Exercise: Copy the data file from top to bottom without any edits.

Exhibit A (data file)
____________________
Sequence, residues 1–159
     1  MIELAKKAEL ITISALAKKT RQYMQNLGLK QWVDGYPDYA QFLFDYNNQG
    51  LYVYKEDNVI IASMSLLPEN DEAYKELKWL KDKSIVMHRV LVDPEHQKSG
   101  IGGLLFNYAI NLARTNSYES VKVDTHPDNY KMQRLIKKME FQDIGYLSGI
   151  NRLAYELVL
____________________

Sequence, residues 1–159
     1  MIELAKKAEL ITISALAKKT RQYMQNLGLK QWVDGYPDYA QFLFDYNNQG
    51  LYVYKEDNVI IASMSLLPEN DEAYKELKWL KDKSIVMHRV LVDPEHQKSG
   101  IGGLLFNYAI NLARTNSYES VKVDTHPDNY KMQRLIKKME FQDIGYLSGI
   151  NRLAYELVL